Heads up. Javelinas sighted near Flag

Flagstaff     Hikers in the first small feeder canyon to Pumphouse Wash encountered a family of javelinas Wednesday afternoon. 

Typically the Southwest’s version of this wild mammal doesn’t come so close to population area’s.  Nor do they usually make themselves home in the high country, but prompted by the fires and lower yields of their usual food sources after the non-existent monsoon season of 2019 they might be put on the move. Development pressures down south and up the I-17 corridor may also be promoting some changes in behavior and habitat and range.

The Javalina (Pecari tajacu), or collared peccary is common across much of central and southern Arizona. According to the University of Arizona Cooperative Extension, Yavapai County, their typical range is from below the Mogollon Rim eastward to parts of New Mexico and into Texas and southward to Argentina. But that they have found their way into Flagstaff recently. Native to South America they have been on the move north for hundreds of years.

Long timers around town speculate the arrival and increase in javelina sightings is pushed by climate change trends, and by fires in Central Arizona and controlled burns just south of Kachina Village or Mountainaire.

The peccary can grow to between 35 to 60 pounds and have very close social relationships. They tend to live in herds of 5 to 15 animals. Rarely found by themselves  they usually forage, eat, and sleep together. Both sexes actively defend their home range. Pet dogs are often viewed as adversaries and can become targets and attacked. Dogs and inquisitive people can be seriously injured of killed by a javelina.

The incursion of these guys into the popular hiking area will certainly be enticing to the curious. They can be cute little critters. They can also be dangerous, especially if they feel their food source or babies are threatened. While they may bite, their tactic of choice is to gore or slash their target with their pointy tusks – curved incisors that extend outward from their mouths.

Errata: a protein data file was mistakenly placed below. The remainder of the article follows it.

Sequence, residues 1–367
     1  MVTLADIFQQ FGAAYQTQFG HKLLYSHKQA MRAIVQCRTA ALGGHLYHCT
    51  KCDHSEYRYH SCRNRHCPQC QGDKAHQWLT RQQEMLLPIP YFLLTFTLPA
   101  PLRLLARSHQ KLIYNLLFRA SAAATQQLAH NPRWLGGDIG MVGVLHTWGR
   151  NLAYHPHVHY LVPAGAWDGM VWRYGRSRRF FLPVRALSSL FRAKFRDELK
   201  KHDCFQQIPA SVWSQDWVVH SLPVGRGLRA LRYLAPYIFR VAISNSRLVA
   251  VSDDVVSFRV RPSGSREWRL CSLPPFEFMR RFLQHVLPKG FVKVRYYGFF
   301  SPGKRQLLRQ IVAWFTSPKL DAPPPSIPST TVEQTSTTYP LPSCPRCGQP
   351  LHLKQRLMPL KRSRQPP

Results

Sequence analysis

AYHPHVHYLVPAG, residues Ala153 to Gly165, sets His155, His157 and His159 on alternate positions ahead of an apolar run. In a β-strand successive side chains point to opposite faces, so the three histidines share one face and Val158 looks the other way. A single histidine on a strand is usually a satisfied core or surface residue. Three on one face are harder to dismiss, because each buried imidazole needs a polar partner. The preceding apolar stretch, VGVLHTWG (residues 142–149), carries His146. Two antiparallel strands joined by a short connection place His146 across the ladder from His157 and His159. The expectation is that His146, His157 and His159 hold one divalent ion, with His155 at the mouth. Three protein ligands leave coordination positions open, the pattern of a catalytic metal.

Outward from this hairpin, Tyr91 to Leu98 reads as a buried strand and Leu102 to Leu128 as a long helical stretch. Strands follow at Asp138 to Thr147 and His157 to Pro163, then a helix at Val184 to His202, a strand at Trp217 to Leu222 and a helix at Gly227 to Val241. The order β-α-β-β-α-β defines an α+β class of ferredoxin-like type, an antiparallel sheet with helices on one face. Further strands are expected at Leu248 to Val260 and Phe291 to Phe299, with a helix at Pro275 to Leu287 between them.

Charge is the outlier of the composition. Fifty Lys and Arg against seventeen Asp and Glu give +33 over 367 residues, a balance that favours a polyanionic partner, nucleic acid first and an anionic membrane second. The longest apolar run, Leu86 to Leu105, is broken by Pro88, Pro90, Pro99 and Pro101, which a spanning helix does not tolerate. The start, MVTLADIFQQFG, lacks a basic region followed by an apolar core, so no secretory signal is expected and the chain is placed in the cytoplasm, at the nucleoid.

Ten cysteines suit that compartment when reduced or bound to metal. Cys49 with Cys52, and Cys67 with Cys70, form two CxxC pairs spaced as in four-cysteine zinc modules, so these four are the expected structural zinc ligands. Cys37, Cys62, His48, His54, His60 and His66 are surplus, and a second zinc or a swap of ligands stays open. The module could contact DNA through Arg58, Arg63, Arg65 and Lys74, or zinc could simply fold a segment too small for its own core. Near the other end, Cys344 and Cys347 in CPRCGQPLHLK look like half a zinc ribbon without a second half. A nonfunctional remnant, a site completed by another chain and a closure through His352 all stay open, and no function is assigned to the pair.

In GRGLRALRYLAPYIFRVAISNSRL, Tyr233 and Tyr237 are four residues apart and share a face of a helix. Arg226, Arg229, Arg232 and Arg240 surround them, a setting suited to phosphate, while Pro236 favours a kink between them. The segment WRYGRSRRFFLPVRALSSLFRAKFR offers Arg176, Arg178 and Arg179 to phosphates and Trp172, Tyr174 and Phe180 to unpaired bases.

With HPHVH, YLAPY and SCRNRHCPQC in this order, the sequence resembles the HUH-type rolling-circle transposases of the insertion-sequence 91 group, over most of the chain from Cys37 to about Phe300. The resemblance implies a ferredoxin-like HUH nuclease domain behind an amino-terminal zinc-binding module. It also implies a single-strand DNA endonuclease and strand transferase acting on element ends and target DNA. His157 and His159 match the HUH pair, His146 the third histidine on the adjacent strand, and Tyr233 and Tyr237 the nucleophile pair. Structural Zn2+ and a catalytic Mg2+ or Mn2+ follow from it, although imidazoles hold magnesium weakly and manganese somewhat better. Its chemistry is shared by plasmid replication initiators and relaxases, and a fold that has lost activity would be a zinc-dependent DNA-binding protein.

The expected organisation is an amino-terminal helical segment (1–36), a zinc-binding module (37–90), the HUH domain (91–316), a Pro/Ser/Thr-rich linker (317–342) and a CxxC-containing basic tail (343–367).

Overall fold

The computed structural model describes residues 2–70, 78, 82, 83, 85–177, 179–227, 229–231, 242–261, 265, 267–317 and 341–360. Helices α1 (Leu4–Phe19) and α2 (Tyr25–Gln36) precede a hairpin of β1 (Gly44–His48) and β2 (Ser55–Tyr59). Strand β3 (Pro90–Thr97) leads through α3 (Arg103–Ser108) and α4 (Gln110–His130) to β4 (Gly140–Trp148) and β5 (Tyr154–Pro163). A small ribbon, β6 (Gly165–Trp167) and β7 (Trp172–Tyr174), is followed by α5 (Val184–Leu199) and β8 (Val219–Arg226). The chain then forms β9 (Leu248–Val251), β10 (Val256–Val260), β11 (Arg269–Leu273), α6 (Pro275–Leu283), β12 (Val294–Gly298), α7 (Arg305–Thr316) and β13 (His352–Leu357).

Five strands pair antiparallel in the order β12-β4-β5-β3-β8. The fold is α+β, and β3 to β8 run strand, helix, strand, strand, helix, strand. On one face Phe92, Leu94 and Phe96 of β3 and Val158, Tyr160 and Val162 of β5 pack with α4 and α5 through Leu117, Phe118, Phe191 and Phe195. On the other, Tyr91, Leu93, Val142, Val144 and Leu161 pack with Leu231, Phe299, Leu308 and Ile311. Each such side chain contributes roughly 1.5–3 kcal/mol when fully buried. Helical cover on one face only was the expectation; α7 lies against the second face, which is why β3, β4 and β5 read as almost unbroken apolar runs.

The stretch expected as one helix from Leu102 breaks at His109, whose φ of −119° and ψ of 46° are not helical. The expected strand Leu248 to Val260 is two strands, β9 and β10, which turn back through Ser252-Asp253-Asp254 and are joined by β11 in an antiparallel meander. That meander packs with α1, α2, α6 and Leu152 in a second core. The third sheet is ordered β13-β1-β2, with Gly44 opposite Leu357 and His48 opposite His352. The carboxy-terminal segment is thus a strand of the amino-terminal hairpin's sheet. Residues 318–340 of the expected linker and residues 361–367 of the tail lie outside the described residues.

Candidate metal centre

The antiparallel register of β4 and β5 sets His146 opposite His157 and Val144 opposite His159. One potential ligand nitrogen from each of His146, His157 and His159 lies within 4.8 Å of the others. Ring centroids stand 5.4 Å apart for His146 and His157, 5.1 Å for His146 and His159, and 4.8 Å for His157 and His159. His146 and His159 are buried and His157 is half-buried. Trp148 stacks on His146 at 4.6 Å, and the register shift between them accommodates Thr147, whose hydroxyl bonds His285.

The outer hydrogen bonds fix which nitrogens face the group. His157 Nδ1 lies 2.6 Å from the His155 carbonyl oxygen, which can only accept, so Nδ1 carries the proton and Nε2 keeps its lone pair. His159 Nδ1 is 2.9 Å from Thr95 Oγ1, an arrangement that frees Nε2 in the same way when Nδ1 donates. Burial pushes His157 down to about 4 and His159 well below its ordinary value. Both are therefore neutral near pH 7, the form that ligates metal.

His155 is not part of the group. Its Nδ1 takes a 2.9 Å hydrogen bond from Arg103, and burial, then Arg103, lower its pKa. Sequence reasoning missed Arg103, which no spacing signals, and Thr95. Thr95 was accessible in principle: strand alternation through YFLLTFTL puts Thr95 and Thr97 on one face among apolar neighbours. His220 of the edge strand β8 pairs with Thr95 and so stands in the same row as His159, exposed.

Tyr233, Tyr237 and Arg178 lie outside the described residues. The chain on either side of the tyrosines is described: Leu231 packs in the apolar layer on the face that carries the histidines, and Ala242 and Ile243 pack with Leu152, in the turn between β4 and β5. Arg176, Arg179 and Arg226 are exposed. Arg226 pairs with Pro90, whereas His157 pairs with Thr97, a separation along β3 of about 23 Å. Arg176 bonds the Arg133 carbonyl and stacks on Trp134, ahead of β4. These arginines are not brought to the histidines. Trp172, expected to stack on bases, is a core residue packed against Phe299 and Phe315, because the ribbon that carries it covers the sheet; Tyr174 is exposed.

They are usually shy, don’t approach them, leave a wide berth and don’t get between them or their family.

90 Lb. Zeke attacked by javelinas on Oct 16 in Pumphouse Wash, near Kachina Village. Photo Credit Luis Fernandez.

Mare Schumacher and her dog Zeke went down the wash for their customary saunter into the wash Wednesday. Zeke, a huge mix with a brendel coat is 90 pounds. He stands nearly 30 inches on all fours and when he stands up on his hind feet stretches to 5 and a half feet to his nose.

Cliffs by the pond at the Pumphouse trailhead. The javelinas were up on the mesa behind the cliff.

“Zeke and I were up on the mesa that is bordered by the Pumphouse Wash trail, the little creek that runs into the pond, the fence to Forest Highlands, and the little side canyon that goes off of Pumphouse Trail to the right into the Aspens and ends up at the fenceline.”

That’s when Zeke broke free and took off encountering the javelinas right after.

“Zeke ran into the woods off the trail – we were very far away from trailhead at this point.  He was fixated on something.  In a couple of minutes I could hear sounds – it sounded like a bobcat or something and I heard Zeke yelp once.  I could see him running up the other side of the canyon with blood running down his leg.  I called him and he came back toward me. 

Javalina wound. Photo Credit Luis Fernandez.

By now, I had bushwhacked my way through some trees and I could see him coming toward me in the canyon.”

“Although I was relieved that Zeke had not been killed by something – at one point I thought it might be a mountain lion which he surely would not survive – I was horrified.”

“I love to be outdoors, and I respect it.  We are on the javelina’s land, not vice versa. I felt just terrible.”

After the wound was cleaned by the vet. Photo credit Luis Fernandez.

Schumacher says after cleaning the wound the veterinarian used 20 staples to close the wound.

Schumacher said, “The vet explained it is a goring (rather than biting) wound that went all the way through his flank.”

It turns out that although they are rare there have been javelina sightings over the years.

Longtime Flagstaff resident, Tony Norris told The Meteor, “I first remember seeing Havelina in northern Arizona maybe 20 years ago. Eastbound on I 40 coming up the Ashfork hill I saw a small group of Havelina‘s in the median of I40. I know they were appearing around Continental country club at least 10-12 years ago. I recall 30 years ago my friend Warren Miller said they were making an appearance around Prescott. I didn’t see any in Doney Park.”

Howie Hearn also a long time resident recalled, “Some neighbors to the north (Slayton Ranch Rd.) had a female nesting under their deck a couple of years back.”

Even though his wound was severe Zeke seems to be up and at ’em. Photo credit Luis Fernandez.

Arizona Game and Fish and the US Forest Service office have not yet returned calls.

This is an ongoing story and will be updated.



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